Being told that they need to create a multipage document with specific details about how they’re going to manage data from creation through analysis to publication can be fairly daunting for a researcher. Anyone who supports researchers is probably aware that they are often writing grants right up to the deadline, and that the DMP can often be left to last. For those who have not had to think carefully about data management before, the DMP can seem like another administrative add-on and can be relegated to the “not very important pile”. However, I firmly believe that while you’re not going to win a grant based on a DMP alone, it’s quite possible to lose one through it. A badly written DMP can make it look to the reviewer like the researcher hasn’t thought carefully about how they’re going to carry out their project and how they’re going to make sure that it’s feasible. And those are not impressions that are going to help the project score highly.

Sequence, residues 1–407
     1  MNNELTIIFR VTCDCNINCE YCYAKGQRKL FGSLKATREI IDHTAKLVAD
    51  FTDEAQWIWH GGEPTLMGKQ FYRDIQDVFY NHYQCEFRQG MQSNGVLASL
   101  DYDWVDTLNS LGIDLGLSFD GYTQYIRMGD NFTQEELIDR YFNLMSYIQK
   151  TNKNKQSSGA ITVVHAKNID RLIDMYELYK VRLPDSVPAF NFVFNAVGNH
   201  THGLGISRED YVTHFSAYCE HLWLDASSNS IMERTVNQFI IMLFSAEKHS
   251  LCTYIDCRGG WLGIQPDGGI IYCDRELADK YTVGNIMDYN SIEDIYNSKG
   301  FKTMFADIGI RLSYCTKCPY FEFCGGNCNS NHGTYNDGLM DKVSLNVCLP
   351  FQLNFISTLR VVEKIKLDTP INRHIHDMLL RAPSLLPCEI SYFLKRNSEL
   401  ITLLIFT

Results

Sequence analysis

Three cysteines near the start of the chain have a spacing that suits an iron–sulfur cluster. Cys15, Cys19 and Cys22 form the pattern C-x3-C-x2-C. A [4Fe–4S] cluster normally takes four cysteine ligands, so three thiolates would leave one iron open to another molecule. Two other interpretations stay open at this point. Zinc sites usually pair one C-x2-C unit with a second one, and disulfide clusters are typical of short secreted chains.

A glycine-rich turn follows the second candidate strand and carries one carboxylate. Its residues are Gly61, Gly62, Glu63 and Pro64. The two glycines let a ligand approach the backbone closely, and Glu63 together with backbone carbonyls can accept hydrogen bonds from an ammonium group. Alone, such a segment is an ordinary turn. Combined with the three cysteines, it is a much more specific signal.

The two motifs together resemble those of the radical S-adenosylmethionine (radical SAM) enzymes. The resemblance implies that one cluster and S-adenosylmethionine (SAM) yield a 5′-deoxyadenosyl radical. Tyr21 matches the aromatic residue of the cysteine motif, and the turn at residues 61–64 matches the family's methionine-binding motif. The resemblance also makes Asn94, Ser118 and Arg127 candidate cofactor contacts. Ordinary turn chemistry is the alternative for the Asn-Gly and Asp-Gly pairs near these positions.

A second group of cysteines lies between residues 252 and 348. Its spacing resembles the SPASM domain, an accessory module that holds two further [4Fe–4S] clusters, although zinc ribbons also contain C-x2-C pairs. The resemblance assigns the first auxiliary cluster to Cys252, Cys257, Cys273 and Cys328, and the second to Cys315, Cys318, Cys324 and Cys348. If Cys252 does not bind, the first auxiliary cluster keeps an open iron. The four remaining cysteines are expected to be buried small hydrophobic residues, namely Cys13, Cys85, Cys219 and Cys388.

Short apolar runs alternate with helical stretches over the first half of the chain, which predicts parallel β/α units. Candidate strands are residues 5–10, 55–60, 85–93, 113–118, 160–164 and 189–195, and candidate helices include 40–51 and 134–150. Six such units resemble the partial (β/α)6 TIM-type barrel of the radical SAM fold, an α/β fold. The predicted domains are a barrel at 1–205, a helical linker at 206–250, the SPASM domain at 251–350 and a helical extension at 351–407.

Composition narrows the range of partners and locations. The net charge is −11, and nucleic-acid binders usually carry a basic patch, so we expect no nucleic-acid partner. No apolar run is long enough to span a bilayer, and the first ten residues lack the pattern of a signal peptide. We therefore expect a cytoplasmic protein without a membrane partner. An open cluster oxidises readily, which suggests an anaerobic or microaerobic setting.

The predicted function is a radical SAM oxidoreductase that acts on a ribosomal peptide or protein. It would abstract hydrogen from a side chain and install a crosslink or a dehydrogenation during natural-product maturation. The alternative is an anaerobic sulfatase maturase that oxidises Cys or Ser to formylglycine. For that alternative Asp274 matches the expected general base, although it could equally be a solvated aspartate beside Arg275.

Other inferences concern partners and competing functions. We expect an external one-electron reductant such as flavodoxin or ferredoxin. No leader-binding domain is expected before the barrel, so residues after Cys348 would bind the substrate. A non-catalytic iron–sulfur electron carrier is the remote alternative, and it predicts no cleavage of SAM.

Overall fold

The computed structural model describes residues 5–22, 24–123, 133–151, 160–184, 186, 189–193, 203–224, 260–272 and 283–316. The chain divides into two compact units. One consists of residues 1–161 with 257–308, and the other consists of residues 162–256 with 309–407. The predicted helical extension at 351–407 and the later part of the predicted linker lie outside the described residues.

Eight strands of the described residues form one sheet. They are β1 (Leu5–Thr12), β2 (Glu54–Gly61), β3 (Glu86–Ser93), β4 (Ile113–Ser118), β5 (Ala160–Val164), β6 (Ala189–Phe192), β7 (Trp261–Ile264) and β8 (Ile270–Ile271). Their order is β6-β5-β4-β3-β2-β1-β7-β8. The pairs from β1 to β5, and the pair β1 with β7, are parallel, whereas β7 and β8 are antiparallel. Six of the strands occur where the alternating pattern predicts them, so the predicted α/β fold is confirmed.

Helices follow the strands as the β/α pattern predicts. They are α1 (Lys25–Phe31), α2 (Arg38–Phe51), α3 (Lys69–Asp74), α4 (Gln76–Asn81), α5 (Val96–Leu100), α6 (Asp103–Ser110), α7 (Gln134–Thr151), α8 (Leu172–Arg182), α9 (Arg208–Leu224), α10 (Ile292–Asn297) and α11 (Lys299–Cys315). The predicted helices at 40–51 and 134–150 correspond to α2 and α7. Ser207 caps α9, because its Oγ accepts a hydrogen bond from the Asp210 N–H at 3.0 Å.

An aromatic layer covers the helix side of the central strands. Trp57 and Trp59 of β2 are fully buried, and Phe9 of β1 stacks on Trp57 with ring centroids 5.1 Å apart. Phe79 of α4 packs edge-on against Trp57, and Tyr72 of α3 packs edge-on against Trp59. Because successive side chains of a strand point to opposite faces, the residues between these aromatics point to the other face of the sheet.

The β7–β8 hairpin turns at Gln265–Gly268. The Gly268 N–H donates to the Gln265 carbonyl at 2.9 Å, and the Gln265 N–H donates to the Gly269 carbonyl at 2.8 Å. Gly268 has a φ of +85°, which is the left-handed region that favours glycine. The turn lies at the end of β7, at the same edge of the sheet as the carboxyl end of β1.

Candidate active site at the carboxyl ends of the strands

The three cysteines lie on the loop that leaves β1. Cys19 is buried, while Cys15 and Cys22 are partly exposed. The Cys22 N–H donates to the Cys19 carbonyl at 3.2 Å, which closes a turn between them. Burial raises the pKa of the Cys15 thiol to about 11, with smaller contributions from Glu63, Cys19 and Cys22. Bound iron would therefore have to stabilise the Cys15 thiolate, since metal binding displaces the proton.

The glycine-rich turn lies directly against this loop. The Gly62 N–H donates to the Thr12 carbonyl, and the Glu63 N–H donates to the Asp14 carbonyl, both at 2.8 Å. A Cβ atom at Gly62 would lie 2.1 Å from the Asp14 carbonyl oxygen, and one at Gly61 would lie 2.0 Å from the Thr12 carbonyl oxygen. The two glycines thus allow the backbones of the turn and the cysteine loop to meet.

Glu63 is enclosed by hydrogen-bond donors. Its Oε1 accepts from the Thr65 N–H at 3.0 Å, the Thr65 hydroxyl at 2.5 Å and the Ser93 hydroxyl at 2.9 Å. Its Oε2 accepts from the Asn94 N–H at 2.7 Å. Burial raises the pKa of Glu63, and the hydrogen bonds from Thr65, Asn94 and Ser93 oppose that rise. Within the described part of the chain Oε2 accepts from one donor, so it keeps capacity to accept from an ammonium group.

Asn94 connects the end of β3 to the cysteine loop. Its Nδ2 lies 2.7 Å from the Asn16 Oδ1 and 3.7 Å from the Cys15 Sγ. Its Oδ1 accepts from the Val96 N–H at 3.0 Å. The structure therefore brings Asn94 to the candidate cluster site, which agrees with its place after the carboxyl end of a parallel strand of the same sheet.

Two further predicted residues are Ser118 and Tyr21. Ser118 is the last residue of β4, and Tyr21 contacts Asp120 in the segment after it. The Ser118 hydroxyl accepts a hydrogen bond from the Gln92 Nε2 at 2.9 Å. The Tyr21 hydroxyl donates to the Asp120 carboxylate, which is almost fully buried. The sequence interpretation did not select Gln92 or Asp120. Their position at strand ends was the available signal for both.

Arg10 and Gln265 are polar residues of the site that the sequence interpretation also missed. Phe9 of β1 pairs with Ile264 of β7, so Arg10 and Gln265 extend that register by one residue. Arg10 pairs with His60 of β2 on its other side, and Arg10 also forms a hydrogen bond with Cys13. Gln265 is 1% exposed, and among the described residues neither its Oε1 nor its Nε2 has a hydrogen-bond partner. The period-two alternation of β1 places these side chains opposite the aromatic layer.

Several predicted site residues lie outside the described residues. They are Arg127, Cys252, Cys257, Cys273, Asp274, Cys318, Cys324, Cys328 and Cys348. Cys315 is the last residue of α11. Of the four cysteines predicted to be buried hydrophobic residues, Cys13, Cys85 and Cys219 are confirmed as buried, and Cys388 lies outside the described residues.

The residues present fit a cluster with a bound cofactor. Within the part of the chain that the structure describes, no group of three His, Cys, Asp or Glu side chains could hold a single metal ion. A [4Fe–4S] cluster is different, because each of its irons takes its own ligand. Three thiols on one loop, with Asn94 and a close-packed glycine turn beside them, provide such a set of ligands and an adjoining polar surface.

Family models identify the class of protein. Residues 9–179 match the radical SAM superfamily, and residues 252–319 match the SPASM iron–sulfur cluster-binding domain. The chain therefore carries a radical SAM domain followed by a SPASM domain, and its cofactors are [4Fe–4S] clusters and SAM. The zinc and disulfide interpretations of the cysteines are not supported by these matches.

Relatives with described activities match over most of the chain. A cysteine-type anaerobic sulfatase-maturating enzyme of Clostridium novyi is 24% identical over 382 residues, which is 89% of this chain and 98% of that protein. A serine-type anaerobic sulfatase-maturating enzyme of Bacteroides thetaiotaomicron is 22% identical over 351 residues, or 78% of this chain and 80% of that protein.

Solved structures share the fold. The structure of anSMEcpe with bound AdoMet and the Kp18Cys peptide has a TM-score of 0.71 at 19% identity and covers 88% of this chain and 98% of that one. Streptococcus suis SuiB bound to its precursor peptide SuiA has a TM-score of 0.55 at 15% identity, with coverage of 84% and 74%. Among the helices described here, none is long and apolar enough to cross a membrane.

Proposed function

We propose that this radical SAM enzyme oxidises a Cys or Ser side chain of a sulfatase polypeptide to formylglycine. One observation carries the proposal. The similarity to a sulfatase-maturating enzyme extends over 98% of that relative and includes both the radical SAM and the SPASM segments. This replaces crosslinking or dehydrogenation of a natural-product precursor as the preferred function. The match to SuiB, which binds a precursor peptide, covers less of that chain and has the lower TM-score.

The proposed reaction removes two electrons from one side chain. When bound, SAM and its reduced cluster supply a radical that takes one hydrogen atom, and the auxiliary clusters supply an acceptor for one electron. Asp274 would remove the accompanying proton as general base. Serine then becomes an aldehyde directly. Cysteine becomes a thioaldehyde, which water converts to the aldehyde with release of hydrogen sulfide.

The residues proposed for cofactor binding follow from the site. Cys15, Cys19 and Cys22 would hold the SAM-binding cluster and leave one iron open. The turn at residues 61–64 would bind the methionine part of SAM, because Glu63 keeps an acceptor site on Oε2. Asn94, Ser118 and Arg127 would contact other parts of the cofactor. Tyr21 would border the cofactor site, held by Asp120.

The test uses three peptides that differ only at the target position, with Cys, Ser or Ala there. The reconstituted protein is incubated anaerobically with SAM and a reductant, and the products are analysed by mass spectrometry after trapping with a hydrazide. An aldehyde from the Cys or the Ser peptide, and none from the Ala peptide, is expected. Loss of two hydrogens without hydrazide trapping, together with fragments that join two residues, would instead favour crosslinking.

From a research support position it’s easy to start providing information – templates, writing guidance, marking rubrics etc. but this can quickly become overwhelming to the researcher. What would be more useful is a one stop shop which can help the researcher get started. This is where DMPOnline comes in at UoN.